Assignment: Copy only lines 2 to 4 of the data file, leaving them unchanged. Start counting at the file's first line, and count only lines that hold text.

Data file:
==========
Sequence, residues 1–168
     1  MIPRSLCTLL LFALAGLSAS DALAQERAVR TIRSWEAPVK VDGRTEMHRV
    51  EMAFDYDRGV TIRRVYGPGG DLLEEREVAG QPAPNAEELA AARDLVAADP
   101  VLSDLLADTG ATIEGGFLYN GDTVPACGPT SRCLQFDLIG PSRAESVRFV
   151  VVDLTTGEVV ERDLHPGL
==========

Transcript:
     1  MIPRSLCTLL LFALAGLSAS DALAQERAVR TIRSWEAPVK VDGRTEMHRV
    51  EMAFDYDRGV TIRRVYGPGG DLLEEREVAG QPAPNAEELA AARDLVAADP
   101  VLSDLLADTG ATIEGGFLYN GDTVPACGPT SRCLQFDLIG PSRAESVRFV